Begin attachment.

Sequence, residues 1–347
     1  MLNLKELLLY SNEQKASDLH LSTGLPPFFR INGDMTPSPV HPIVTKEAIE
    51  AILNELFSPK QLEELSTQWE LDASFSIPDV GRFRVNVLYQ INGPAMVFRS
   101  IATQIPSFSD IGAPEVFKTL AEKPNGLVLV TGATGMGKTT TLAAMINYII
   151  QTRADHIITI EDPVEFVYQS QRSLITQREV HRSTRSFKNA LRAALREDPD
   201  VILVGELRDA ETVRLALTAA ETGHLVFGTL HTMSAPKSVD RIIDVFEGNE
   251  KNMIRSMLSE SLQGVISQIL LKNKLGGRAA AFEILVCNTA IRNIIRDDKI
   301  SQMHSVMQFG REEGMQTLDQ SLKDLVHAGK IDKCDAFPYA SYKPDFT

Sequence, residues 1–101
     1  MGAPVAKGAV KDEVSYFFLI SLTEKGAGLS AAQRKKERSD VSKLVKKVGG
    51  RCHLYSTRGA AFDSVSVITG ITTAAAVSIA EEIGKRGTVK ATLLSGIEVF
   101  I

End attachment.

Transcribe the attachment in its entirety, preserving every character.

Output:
Sequence, residues 1–347
     1  MLNLKELLLY SNEQKASDLH LSTGLPPFFR INGDMTPSPV HPIVTKEAIE
    51  AILNELFSPK QLEELSTQWE LDASFSIPDV GRFRVNVLYQ INGPAMVFRS
   101  IATQIPSFSD IGAPEVFKTL AEKPNGLVLV TGATGMGKTT TLAAMINYII
   151  QTRADHIITI EDPVEFVYQS QRSLITQREV HRSTRSFKNA LRAALREDPD
   201  VILVGELRDA ETVRLALTAA ETGHLVFGTL HTMSAPKSVD RIIDVFEGNE
   251  KNMIRSMLSE SLQGVISQIL LKNKLGGRAA AFEILVCNTA IRNIIRDDKI
   301  SQMHSVMQFG REEGMQTLDQ SLKDLVHAGK IDKCDAFPYA SYKPDFT

Sequence, residues 1–101
     1  MGAPVAKGAV KDEVSYFFLI SLTEKGAGLS AAQRKKERSD VSKLVKKVGG
    51  RCHLYSTRGA AFDSVSVITG ITTAAAVSIA EEIGKRGTVK ATLLSGIEVF
   101  I